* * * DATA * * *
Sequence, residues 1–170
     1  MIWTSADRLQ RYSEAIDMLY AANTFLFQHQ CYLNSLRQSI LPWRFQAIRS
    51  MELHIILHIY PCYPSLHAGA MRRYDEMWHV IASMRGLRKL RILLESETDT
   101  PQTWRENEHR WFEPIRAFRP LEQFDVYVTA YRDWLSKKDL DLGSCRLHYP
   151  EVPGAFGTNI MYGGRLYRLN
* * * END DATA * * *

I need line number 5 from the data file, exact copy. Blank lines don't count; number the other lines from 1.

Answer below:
   151  EVPGAFGTNI MYGGRLYRLN